Today I started the first step of preparation for this next stage: “priming”. This involves greatly boosting the stem cell production for a week, ready for the “harvesting” next week. Incidentally the harvesting is just a kind of blood dialysis (out one arm and back in the other) and doesn’t require any kind of drills and narrow spoons. The stage today was a sizable dose of cyclophosphamide in order to temporarily halt the stem cell production, so that when subsequently boosted, everything is in synch. I was given various warnings about the cyclophosphamide, but to be blunt I found today quite pleasant. After two hours hydration on a saline drip I was hooked up to a bag of the stuff, which went in through a drip over another two hours, over the course of which I, well let it be said, got stoned. There was a moment, shortly before the pink unicorns danced in(*), where it occurred to me that a chemo ward was probably not the place to get a giggles fit. It wore off within an hour or so of being let out, but it was fun whilst it lasted. Then for the rest of the week I’ve got to inject (oh yes, more of that) myself with GCSF, which boosts the stem cell production and causes the stem cells to emerge into the blood stream ready to be harvested.
Harvesting starts on the 22nd April, with a bit of settling down before I check into the Hotel Haematology on 14th May. More on that soon. I’ve asked for one of the executive suites with a sea view, a jacuzzi and an unlimited pass to the spa centre. I may be disappointed.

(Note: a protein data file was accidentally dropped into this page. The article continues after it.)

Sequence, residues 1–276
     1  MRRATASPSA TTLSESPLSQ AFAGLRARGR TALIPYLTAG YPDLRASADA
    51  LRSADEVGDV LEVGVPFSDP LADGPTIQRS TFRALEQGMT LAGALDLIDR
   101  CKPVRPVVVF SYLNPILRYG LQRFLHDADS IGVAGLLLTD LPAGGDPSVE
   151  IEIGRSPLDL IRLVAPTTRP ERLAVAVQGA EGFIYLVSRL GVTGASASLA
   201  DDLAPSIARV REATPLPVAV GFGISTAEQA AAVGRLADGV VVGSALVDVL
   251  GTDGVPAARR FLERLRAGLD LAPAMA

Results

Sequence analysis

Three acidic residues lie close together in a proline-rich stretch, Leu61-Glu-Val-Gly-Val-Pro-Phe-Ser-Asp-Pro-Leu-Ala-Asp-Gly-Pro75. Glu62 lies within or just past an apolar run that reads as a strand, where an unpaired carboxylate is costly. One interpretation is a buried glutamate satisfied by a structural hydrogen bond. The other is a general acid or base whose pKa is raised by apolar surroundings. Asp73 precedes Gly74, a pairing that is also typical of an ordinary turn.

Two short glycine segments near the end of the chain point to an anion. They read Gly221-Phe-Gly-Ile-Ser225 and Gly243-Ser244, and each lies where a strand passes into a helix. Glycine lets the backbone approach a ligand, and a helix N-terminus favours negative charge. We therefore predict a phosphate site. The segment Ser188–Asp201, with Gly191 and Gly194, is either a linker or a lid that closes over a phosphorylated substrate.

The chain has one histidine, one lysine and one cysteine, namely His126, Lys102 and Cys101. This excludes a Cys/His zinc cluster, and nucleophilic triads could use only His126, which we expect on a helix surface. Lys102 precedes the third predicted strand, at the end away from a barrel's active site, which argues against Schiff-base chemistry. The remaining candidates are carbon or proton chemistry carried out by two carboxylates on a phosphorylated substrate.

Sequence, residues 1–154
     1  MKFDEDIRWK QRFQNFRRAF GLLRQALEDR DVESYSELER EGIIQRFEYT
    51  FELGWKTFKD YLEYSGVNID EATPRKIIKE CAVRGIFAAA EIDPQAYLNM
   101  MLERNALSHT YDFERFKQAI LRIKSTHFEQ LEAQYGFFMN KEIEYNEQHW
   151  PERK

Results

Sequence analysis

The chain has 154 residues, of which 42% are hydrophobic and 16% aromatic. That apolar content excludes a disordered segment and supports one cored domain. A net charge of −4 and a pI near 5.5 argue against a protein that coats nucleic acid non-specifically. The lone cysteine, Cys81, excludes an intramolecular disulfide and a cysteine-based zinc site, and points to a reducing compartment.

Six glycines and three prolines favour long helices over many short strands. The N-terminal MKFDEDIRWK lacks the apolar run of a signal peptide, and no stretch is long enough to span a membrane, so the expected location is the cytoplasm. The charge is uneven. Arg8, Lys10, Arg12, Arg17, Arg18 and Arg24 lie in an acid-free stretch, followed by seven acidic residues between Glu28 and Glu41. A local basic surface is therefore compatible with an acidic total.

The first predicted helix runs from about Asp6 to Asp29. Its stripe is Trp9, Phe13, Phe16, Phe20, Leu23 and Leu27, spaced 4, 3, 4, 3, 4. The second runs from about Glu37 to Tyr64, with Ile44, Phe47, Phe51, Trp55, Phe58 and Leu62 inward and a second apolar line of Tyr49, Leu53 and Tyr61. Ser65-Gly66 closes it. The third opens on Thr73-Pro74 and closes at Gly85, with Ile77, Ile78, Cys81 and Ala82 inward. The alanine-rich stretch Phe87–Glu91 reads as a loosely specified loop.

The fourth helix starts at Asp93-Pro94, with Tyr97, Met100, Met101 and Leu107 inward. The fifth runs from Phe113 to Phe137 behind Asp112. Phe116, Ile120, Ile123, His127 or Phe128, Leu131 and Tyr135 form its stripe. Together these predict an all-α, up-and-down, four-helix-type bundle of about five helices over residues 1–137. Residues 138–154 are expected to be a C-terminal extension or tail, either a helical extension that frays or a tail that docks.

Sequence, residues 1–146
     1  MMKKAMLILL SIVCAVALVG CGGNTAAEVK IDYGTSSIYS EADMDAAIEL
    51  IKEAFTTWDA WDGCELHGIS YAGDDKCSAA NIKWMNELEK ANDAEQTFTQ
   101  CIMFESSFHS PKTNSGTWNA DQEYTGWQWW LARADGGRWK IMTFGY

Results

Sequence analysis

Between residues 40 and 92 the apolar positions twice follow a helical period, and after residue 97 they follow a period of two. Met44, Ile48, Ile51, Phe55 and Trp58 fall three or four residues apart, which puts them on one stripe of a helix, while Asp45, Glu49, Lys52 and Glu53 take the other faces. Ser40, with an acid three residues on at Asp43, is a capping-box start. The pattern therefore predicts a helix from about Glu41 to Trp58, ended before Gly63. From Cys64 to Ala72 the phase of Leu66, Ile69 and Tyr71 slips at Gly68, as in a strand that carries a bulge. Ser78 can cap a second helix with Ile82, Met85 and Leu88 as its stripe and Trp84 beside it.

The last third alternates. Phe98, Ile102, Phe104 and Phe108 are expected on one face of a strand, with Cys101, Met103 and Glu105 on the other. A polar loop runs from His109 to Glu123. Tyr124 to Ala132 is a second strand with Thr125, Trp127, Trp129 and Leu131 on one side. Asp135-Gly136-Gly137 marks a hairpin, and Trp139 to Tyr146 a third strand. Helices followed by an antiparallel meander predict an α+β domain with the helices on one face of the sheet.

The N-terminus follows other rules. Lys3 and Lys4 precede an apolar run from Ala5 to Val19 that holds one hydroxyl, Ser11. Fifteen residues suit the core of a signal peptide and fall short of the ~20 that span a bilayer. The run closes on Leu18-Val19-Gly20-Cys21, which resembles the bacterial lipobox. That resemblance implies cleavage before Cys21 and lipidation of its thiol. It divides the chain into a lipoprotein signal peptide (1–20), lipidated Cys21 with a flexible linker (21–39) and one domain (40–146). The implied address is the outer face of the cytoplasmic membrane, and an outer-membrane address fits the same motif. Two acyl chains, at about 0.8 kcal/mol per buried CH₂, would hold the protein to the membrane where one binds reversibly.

(*) This may or may not have happened.
And I’m not talking about alcohol. This morning was the first time in almost exactly 6 months when I hadn’t taken thalidomide the night before. Moreover the dosage has increased over that time, and since the beginning of March I’ve been on the maximum dosage.
Wow this morning felt good! And that was after quite a disturbed night’s sleep. My body has clearly got used to having a fair old dose of sedative each night, as last night come 2am I was still struggling to feel sleepy. When I did finally fall asleep I had some weird intense dreams.
But I’d forgotten what it’s like to wake up without a really thick head. The “thalidomide hangover” is well known, and it’s certainly pretty strong when you’re on the maximum dose.
So this morning was great. Nothing spectacular in itself, but a joy to be clear headed for once.
Mind you I picked up a new prescription for more thalidomide to start in two weeks time, so I’d better enjoy it whilst it lasts….
Time for an update. Been a bit slack recently on the blog posts. Oops.
Since I last posted, I’ve finished off cycle #7 and pretty well all of cycle #8. These have generally gone very well, and by that I mean that I’ve been fine. I’ve been working relatively normally, cycling (to/from work and went for a fairly easy MTB ride last weekend) and trying to do a 5 mile run once or twice a week. I even went skiing for a long weekend at the beginning of March. Not bad for a “chemo patient”. It just goes to show that there’s a huge range of “chemo” treatments. Follow my progress in the next stage of treatment when I go into hospital for the high dose treatment and see if I’m skiing then…